The New York Times covers the Fed’s rate cut yesterday. A few interesting tidbits from the article:
…the Fed bluntly announced that it would print as much money as necessary to revive the frozen credit markets and fight what is shaping up as the nation’s worst economic downturn since World War II.
Since September, the Fed’s balance sheet has ballooned from about $900 billion to more than $2 trillion as it has created money and lent it out. As soon as the Fed completes its plans to buy mortgage-backed debt and consumer debt, the balance sheet will be up to about $3 trillion.
“Right now, the crisis is created by the huge demand by banks for hoarding cash,” (says one expert.) “The Fed is providing cash, and the banks want to hoard it. When things start returning to normal, the banks will want to start lending it out. If that much money is left in the monetary base, it would be extremely inflationary.”
So we’re deflating in order to help banks bulk up their reserves enough to make them feel comfortable lending. After that, the Fed will have printed too much money, so it’ll be inflation city. Pray tell, how is this helping Main Street at all?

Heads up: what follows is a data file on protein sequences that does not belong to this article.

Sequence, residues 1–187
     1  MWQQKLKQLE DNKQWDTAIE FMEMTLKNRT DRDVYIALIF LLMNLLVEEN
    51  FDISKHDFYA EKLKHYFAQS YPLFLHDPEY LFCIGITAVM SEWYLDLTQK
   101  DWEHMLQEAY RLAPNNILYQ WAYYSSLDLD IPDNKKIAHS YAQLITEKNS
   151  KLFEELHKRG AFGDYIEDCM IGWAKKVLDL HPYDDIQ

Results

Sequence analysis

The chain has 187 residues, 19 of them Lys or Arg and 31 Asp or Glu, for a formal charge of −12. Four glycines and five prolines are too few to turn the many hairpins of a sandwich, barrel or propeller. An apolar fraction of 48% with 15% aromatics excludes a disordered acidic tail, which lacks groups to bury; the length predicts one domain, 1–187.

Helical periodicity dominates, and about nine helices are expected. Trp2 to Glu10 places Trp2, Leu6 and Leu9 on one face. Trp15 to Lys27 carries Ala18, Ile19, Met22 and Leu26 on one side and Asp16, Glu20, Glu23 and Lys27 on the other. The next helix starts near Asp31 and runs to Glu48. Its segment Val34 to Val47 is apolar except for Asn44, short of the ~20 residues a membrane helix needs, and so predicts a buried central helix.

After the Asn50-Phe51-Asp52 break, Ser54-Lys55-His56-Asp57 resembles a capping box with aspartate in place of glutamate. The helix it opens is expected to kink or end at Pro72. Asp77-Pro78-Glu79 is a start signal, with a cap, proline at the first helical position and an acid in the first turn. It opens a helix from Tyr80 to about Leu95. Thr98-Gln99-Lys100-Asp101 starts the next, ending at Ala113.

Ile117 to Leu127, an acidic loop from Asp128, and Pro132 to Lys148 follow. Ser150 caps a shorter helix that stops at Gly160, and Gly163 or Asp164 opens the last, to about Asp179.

Credit Writedowns suggests an alternative scenario:
…what if the Fed came to my CFO and said we’ll trade you some of the Treasurys you own in your short-term investments for dollars? For the right price, we would say yes. Where do the dollars come from? Out of thin air of course. The Fed creates them in order to buy my assets. This is called quantitative easing. It’s basically inflating the money supply plain and simple. The difference between quantitative easing and low interest rates is that easing actually increases my reserves, giving me more money to lend.
To my mind, lowering interest rates in the aftermath of an enormous credit bubble where institutions have just destroyed $1 trillion in capital is wrong. It distorts lending decisions such that yet more money will eventually be lent out imprudently. The only way to increase credit availability is by getting reserves into the system. And normally you do that by making a profit. However, profits are hard to come by for financial institutions right now. So the Fed can step into the breach adding reserves by purchasing assets with money that the central banks creates.
He says this is inflationary, but so is what we’re doing now, in the longer term. Bernanke’s religious anti-inflationary policies remind me of Greenspan’s fervent free-market policies, which also didn’t end up working out…